Question 2:What architectural patterns do you employ – MVC, SOA, Layers, Components / Widgets?

Service oriented architecture works out quite nicely for us. I wouldn’t say it affects client-side design much, though. I haven’t tried MVC approach on client-side either. Perhaps our systems are not large enough to fully take advantage of all aspects of MVC. Widgets, on the other hand, are a great way to encapsulate distinct pieces of functionality. I think DOM would be a great foundation for widget-based systems if it wasn’t designed and implemented so poorly; Instead of taking advantage of it, DOM usually needs to be thought of as a quite hostile and unpredictable environment – all for achieving maximum compatibility.

I asked him to follow up on what is implemented poorly in the DOM and how he would improve it:

  1. Careless resolution of named? elements via document or global objects (i.e. when `form` with name=getElementsByTagName? shadows native `document.getElementsByTagName` method, etc. I’m still not sure how they managed to f*ck-up like this. )
  2. Verbose API, lack of relatively basic functionality (which HTML5 is trying to fulfill now), methods are not chainable?
  3. Gaps in specification (and vague explanations here and there)

Question 3: How to you manage event handlers and responding to them?

I use event delegation where appropriate, of course. Also, having some kind of way of simulating mouseenter/mouseleave is a must.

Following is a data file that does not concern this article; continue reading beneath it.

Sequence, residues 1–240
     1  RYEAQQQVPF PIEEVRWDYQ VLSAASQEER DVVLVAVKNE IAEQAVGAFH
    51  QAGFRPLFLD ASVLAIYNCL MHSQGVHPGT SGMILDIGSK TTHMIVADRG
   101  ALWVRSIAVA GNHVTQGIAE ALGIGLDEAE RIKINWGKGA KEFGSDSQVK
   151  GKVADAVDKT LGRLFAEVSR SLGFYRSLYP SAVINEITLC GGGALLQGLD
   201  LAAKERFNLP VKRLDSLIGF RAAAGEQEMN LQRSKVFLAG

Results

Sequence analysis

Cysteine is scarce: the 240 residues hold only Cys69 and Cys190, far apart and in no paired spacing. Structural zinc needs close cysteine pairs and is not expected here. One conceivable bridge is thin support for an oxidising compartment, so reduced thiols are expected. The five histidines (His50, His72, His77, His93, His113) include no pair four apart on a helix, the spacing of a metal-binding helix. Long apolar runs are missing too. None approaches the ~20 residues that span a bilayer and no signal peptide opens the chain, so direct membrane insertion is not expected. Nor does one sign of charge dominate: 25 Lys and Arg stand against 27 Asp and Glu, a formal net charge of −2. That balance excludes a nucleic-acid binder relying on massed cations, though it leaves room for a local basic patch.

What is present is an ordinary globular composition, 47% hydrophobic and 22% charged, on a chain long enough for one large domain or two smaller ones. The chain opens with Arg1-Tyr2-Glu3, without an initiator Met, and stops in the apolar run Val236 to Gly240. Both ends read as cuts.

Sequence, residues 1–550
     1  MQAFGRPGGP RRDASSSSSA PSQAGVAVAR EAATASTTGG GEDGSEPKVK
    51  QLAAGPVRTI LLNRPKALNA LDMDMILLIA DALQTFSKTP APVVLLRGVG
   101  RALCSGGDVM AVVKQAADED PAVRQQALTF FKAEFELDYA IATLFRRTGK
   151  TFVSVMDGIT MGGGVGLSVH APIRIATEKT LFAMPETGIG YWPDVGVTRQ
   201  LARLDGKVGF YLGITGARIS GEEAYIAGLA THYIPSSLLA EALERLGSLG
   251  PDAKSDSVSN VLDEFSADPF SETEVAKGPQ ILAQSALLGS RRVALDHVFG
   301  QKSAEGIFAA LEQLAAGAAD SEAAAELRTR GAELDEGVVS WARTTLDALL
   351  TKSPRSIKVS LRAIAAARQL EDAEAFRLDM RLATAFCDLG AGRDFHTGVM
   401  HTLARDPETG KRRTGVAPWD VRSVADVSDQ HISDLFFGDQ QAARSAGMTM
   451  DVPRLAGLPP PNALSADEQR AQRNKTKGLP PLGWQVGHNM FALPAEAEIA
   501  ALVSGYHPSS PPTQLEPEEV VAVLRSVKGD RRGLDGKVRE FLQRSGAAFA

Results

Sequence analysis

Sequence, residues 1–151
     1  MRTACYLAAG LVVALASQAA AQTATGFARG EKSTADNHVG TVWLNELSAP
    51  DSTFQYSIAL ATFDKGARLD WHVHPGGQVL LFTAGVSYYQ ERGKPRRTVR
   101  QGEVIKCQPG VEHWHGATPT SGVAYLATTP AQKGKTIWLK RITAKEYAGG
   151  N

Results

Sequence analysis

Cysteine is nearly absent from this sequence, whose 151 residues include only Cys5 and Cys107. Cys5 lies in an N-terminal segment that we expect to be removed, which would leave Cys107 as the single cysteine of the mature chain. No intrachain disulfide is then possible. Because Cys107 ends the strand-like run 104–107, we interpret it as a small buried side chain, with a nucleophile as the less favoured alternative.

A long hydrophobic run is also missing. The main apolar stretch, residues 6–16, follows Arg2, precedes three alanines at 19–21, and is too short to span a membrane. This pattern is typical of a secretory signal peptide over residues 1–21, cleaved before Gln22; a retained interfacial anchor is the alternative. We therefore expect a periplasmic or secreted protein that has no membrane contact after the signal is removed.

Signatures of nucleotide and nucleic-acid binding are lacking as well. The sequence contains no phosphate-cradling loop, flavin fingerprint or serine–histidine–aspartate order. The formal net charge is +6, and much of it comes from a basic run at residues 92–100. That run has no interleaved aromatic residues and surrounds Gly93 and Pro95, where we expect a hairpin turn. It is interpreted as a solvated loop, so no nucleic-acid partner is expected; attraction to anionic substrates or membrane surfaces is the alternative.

Question 4: Dom Building – how do you build HTML?

I use templates often – chunks of markup presented as strings – which are then interpolated with proper values at runtime. I find this to be the most maintainable way to deal with DOM creation/modification.

Question 6: Testing – what level of testing do you do? What tools do you use?

I should definitely be doing more testing : ) I find it hard to test applications that change often and usually resort to just unit-testing separate widgets/scripts.

Question 7:Compression & Build – Do you compress your JS files, what do you use?

All assets are pretty much always gziped; I don’t see a reason not to do so. Everything else depends on a project. Rails, for example, concatenates all .js files when set up properly so we take advantage of that. Minification, on the other hand, is usually not much of a high priority.

Question 8: What development methods do you use – Waterfall, Agile, V, Story based, Requirement based?

I work in a very small team where we have a very transparent and flexible communication process. We try to stay more on a side of agile? than that of a waterfall.

Question 9: Documentation – Do you document your code? What tools do you use?

I try to document as much as I can. jsdoc is a perfect tool for that. I’m looking forward to using PDoc in the future (developed by one of Prototype.js members – Tobie Langel)

Question 10: File Structure – Do you have a standard file structure? What does it look like?

No standards really. Usually depends on the server-side framework in use.

Question 11:Performance – How do you tackle performance issues?

I constantly experiment – try to test alternative methods of doing things – finding more efficient solutions. It’s a lot of fun. I try to build apps with performance in mind right from the scratch. I’m not a big fan of build first – optimize later way of thinking. While it certainly has its advantages in building something fast, I think there’s a danger of designing a system with poor core components – something that could be really hard to optimize? in the future. Oh, and reading ECMA specs are an absolute must and gives an amazing understanding of what kind of beast Javascript really is!

Module Loaders: Master the Pipeline!

Ilya Fadeevposted in Development, StealJS on June 30, 2016 by Ilya FadeevThis article is for developers who want to dig into JavaScript Module Loaders. We will look at how module loaders work, what the stages of the pipeline are, and how they could be customized.